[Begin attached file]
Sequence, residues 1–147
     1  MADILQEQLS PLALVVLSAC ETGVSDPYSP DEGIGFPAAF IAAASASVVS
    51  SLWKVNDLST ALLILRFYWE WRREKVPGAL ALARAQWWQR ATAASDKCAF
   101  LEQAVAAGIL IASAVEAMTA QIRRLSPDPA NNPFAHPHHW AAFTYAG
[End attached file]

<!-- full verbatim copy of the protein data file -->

Sequence, residues 1–147
     1  MADILQEQLS PLALVVLSAC ETGVSDPYSP DEGIGFPAAF IAAASASVVS
    51  SLWKVNDLST ALLILRFYWE WRREKVPGAL ALARAQWWQR ATAASDKCAF
   101  LEQAVAAGIL IASAVEAMTA QIRRLSPDPA NNPFAHPHHW AAFTYAG